Jumanji And 6 More Awesome Movies About Video Games (But Not Based On Them)

Awkwafina Dwayne Johnson Karen Gillan and Jack Black in Jumanji: The Next Level

While the history of movies based on video games is notoriously bleak (fortunately starting to get some respectability with recent releases like Rampage, Detective Pikachu, and The Angry Birds Movie 2), the same cannot really be said about movies that feature video games at the center of their plots. Though there aren’t exactly a ton of films that fit this description, a number of them are actually quite entertaining and enjoyable.

The count of films in this arena is increasing this weekend with the forthcoming release of Jake Kasdan’s Jumanji: The Next Level, so to celebrate the feature, we’ve decided to take a look back and highlight some of the best examples in cinema history. And in the spirit of the new blockbuster, let’s start with an obvious one…

Jumanji: Welcome To The Jungle gillan johnson and hart

Jumanji: Welcome To The Jungle

Years after producing one of the best board game movies ever, the Jumanji franchise returned in amazing fashion in 2017 delivering as one of the best video game movies ever. Almost everything about the original premise was changed, as instead of elements of the jungle being brought into suburban world, suburban characters were brought into the jungle, but director Jake Kasden made smart use of this altered approach, and delivered one of the best modern ensemble comedies with Jumanji: Welcome To The Jungle. Not only does it put together a truly fantastic cast, but it also makes clever use of familiar video game tropes unlike anything seen before it.

Tron driving in a tunnel


Visual effects were still very much in their infancy in the early 1980s, but that just makes Steven Lisberger’s Tron that much easier to reflect on as a boundary-pushing piece of legendary cinema. It’s true that the movie is a tad on the slow side narratively, but it remains an engaging and flashy watch, following software engineer Kevin Flynn (Jeff Bridges) as he is accidentally uploaded to the mainframe of his company and must work to escape with the help of Tron (Bruce Boxleitner), a program he built to protect the system. It’s a film that is easy to marvel at as a piece of science-fiction history, and also produced what can be called an underrated sequel in 2010’s Tron Legacy.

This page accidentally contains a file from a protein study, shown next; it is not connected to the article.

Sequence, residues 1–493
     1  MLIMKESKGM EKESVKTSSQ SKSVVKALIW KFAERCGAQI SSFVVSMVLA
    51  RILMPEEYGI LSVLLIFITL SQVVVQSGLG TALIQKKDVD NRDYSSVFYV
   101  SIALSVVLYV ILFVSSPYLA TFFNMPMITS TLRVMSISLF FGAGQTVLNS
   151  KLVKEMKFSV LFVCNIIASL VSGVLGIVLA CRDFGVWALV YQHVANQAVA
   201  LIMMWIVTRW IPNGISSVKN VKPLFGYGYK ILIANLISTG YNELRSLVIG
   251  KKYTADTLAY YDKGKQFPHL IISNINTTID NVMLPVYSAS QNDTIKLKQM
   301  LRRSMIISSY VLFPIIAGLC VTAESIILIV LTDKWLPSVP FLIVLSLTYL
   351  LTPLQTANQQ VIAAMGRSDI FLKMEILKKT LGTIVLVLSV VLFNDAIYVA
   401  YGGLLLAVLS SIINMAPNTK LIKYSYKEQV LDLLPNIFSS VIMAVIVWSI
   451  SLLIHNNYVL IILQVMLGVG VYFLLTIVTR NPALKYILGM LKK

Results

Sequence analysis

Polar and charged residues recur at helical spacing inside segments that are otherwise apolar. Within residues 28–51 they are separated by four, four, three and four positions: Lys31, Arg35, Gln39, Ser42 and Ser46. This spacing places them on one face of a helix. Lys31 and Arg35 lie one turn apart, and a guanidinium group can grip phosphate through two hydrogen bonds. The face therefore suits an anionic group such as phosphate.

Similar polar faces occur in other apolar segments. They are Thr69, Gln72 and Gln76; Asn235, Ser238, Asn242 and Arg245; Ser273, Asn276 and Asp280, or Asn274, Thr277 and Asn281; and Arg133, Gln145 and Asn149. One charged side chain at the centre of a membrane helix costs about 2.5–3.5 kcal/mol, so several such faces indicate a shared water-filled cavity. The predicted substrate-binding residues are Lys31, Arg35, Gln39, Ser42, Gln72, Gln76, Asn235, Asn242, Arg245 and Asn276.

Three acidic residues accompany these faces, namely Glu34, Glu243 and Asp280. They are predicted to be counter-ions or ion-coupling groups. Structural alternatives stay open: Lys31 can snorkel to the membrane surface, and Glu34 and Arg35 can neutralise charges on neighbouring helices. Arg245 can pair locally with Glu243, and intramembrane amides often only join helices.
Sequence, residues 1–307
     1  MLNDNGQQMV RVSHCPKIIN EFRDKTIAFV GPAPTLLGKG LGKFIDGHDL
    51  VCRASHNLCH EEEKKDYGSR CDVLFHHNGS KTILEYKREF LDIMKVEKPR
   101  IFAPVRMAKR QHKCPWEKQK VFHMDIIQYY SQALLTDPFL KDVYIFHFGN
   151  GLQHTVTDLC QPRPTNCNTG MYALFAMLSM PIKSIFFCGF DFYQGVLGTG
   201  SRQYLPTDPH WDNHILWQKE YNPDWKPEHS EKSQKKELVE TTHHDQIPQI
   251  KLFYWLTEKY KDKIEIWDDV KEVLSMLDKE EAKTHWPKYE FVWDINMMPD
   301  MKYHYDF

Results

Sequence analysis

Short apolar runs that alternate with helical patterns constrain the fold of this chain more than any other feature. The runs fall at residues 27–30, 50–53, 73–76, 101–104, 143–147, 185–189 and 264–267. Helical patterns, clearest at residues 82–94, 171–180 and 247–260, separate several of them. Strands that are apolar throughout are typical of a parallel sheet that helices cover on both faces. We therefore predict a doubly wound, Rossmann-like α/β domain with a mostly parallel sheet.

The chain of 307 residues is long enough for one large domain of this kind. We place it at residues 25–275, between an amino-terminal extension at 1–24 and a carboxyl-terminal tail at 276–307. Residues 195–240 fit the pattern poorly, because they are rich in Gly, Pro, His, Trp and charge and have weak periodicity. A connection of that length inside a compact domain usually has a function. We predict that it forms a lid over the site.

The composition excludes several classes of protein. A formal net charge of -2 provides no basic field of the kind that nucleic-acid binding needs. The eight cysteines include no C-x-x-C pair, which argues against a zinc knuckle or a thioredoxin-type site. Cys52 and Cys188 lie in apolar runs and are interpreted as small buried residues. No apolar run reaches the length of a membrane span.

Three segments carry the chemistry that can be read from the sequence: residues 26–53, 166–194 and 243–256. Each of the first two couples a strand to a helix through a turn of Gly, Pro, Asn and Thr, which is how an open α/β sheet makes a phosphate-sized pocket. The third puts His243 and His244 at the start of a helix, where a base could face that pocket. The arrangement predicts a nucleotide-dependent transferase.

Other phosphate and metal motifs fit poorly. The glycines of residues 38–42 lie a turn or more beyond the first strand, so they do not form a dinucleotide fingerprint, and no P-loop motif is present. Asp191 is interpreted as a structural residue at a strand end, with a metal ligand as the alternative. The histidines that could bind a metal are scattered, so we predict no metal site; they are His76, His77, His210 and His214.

Wreck-It Ralph ending

Wreck-It Ralph

With movies like Zootopia, Inside Out, and Coco, and Onward, Walt Disney Pictures Animation and Pixar have been on an interesting world-building kick in the last decade, and it all started with the extreme awesomeness of Rich Moore’s Wreck-It Ralph back in 2012. The incredibly inventive minds at WDAS got to thinking about the idea of communal life behind-the-scenes of cabinet games in arcades, and what sprung from that concept is a stellar, beautiful, and emotional piece of art. The world of video games is explored in intrepid and hilarious ways, and seven years later it remains one of the great Disney movies of the modern era.

WarGames Matthew Broderick uses computer


Many of the films on this list involve things going wrong with video games in spectacular and fantastical ways, but John Badham's WarGames is of a different breed in that it’s a bit more grounded in reality while also being a science fiction movie. Given the advancements we’ve seen in technology in the 36 years since the thriller was released, it may seem kind of silly for the plot to center on a video game that serves as a backdoor into a weapon system that can start World War III, but it remains a cool viewing experience for its fun performances (most notably from leads Matthew Broderick and Ally Sheedy) and interesting look at the mentality of the Cold War era. You can laugh at certain parts, but still seriously enjoy it.